So we picked up the phone to give him a jingle. We were willing to take the time and energy to give him some important information about his business. After all, he spends lots of money on advertising and printing coupons. We were certain he’d appreciate a free business boost.

But when we called the number, we entered a voice-mail nightmare. Many buttons to choose from, but no options that appeared to meet our needs. We weren’t catering a party or any of the other things we could get information about. It was just too much work.

So we hung up. And each time we see him coming down the street, we all look to see if the cell phone is at his ear and if he rolls through the stop sign. In these things, sadly, he hasn’t disappointed.

What things could be affecting your business without your knowledge? Does everyone driving a company vehicle understand their actions can impact your bottom line? Does your location have an employee smoking area in view of customers? Do employees go out on the town and cut loose still wearing their staff uniforms?

Take time to notice. Other people do!

True dat!

As marketing and public relations professionals, one thing we can’t stress enough is that everything your business does is marketing. Perhaps not in the traditional sense, but really, what is marketing?

The American Marketing Association defines marketing as “the activity, set of institutions, and processes for creating, communicating, delivering, and exchanging offerings that have value for customers, clients, partners, and society at large.”

When things go awry in this process, there are many ways to make things even worse. There are also, thank goodness, ways to make things better. This article, by Impact Learning Systems International offers a great reminder about the value of customer complaints and those who take the time to make them. It also gives tips about how to make the most of these interactions. Give it a read. It will only take a moment.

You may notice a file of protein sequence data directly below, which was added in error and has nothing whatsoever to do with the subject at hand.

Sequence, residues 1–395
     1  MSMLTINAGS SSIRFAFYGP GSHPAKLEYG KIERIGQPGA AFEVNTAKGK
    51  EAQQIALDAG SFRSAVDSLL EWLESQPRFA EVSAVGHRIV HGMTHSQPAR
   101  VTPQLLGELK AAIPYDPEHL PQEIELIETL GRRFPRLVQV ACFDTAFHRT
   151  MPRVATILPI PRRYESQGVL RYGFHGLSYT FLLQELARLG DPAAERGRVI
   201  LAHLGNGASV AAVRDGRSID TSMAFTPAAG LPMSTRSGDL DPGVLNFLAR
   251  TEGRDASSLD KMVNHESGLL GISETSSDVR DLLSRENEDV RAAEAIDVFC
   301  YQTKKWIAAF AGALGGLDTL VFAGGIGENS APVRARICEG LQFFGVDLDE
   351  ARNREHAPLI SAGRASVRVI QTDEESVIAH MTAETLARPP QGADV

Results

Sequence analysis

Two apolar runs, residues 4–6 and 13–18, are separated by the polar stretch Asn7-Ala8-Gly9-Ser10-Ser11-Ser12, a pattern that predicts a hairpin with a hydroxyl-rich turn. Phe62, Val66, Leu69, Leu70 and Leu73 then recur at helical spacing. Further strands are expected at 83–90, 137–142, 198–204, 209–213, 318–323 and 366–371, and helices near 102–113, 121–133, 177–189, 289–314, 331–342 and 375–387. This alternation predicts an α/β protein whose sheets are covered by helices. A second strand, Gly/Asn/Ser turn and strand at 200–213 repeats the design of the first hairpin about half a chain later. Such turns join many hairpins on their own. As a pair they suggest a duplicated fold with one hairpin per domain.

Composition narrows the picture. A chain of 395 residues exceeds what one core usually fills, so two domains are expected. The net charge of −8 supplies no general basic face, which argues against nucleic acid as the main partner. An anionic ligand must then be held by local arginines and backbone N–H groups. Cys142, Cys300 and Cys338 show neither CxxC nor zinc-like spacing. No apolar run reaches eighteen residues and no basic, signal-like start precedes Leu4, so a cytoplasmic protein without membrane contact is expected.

While you’re there, check out some of their other blog posts. Impact Learning is a great company offering proven customer service training and sales training programs.  Just down the street from us in beautiful San Luis Obispo, CA, Impact Learning helps organizations build value and integrity into customer relationships.

Effectively managing customer relationships is one of the important “non-marketing” aspects of marketing that every business needs to understand.

Getting back in gear.

As you may have noticed, the Big Ears blogger has been laggy about updates. It started with a trip out of state, where the accommodations didn’t provide the promised wifi connection. (Well, technically, the wifi was there. It just wouldn’t let anyone connect to it.) This led to rushed visits to a coffee shop, where most time connected was spent on vital correspondence and file uploads.

Upon return to California, there was so much to catch up on and so many clients to please. And here we are. But things have calmed down. Our noses have returned to the grindstone … and our fingers to the keyboard.

How about you? How’s that To Do list? If you need a little help finding your groove, here’s a great procrastination hack. Click now. Really. Now. Don’t tell yourself you’ll “come back to it.”